Normally, historical fiction about the Civil War is not my bag. Aside from Gone With the Wind, which I suppose technically is historical fiction though I have never thought of it as such until this very second as my fingers fly across the keyboard. (What an odd thought that is to me…)
At any rate, this is Scott Danielson’s choice for our next A Good Story is Hard to Find podcast book. I complained about one of Scott’s previous selections, East of Eden by John Steinbeck, until about 100 pages in when I began loving it. So I thought I would take that as a lesson and embrace this choice that I would never make when he picked this book.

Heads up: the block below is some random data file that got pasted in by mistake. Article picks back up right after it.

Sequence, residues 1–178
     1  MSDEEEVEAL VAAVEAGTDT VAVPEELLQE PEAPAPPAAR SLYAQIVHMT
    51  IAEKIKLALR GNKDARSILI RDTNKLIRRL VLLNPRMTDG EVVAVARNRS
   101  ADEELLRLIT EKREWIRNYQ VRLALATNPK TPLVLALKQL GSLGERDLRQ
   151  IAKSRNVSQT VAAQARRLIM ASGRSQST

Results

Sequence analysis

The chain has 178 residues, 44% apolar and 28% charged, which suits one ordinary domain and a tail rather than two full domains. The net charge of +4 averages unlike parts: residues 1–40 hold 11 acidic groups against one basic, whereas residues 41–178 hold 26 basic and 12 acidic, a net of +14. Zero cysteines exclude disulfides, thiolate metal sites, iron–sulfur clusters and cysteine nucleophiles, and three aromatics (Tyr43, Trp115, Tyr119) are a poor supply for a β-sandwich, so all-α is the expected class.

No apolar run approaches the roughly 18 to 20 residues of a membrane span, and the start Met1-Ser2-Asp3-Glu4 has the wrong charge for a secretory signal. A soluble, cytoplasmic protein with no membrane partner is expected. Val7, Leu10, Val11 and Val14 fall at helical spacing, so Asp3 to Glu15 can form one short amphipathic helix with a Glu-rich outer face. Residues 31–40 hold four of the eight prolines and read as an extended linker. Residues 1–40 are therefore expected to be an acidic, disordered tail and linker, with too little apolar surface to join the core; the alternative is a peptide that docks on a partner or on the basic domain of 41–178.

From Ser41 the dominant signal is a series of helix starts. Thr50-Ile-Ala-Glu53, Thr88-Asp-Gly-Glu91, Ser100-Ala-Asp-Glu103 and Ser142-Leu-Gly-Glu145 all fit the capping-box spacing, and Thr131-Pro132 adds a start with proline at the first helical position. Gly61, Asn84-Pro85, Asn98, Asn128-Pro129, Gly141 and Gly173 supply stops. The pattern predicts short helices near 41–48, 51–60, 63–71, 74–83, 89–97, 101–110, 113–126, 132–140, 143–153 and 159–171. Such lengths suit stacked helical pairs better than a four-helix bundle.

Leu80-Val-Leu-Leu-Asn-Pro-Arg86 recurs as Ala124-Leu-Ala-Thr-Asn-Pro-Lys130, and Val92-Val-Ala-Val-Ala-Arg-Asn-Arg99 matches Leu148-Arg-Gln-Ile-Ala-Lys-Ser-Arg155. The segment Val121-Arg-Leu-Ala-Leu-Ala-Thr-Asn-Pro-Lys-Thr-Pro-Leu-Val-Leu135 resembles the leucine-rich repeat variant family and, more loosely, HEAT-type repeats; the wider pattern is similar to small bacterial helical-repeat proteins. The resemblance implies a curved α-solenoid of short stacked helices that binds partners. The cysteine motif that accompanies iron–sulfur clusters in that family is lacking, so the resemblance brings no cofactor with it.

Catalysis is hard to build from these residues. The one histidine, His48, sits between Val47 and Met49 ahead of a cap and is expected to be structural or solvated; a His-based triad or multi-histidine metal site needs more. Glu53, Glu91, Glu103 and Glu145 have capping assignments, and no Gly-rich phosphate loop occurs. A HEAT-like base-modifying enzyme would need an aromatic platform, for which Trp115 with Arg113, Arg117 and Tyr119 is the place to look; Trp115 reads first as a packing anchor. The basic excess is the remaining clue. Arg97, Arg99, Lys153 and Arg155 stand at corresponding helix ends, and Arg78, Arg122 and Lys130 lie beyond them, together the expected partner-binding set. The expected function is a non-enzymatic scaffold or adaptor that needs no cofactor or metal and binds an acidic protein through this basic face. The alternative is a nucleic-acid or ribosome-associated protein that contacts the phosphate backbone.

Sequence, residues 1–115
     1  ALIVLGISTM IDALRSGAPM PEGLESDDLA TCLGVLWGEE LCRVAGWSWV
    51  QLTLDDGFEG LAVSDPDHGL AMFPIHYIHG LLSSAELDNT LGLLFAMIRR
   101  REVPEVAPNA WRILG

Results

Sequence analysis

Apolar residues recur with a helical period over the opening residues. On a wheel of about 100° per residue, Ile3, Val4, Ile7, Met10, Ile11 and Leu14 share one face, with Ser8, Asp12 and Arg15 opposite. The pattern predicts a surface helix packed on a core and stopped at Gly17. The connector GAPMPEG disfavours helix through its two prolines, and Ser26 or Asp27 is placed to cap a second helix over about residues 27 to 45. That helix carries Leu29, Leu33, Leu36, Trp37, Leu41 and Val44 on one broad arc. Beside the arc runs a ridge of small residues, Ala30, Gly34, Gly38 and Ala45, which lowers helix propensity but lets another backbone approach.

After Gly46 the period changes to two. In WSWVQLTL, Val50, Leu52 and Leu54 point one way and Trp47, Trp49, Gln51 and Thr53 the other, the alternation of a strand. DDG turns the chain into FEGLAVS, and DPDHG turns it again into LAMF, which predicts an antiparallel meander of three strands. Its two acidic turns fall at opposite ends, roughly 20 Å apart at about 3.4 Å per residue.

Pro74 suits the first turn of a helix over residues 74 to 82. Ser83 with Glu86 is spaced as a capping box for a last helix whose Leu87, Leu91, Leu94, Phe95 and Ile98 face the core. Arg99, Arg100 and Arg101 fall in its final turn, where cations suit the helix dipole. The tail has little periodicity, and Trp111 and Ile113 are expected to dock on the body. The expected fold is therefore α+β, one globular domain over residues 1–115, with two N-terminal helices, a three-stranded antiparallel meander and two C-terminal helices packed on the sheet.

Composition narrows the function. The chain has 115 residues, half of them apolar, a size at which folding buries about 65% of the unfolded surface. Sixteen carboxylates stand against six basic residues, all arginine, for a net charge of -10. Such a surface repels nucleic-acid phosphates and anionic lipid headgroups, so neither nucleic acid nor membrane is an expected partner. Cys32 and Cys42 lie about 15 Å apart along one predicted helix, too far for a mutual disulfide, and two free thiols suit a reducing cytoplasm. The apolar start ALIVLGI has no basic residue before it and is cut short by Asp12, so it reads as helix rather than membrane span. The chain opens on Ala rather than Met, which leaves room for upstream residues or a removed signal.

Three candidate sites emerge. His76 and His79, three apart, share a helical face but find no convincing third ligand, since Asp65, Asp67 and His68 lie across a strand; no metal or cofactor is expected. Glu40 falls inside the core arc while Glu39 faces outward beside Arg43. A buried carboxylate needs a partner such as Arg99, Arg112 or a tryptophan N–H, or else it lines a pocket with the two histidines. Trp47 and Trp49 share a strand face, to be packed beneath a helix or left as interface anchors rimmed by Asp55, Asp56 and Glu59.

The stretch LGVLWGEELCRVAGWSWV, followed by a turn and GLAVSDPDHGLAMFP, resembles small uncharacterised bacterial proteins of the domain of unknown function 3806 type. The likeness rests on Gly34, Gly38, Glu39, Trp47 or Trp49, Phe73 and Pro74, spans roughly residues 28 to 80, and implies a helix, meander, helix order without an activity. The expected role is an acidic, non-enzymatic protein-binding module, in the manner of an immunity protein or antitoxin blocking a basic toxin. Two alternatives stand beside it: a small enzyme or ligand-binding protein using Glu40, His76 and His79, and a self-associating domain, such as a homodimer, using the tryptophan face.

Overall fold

I was unnerved, however, to see maps when I opened it. Maps with arrows indicating troop movements hither and thither around Gettysburg.
I do not care about maps in books. Even for Lord of the Rings I ignored the maps. I hasten to add that I actually love real maps … on a wall, in an art book, on a blog. I just do not want to have to make my mental image when reading have to conform to the reality of a map.
Feeling brave despite my unnerving experience I soldiered on. (ha!) I would like everyone to note that my reading of Coraline (for both Good Story and also SFFaudio) was not in vain. Bravery consists in keeping going when one is afraid (or even merely unnerved).
It only took reading the descriptions of the leaders to begin re-embracing the book. I now have read the first chapter and am captivated. Who knew?
I am looking forward to this experience in Gettysburg, which could hardly be more appropriate in terms of such real life experiences as summer vacations. (Not that I’m going on vacation or would head for Gettysburg deliberately if I were … but it is summer … and there are such things as theme here … so this is our summer theme.)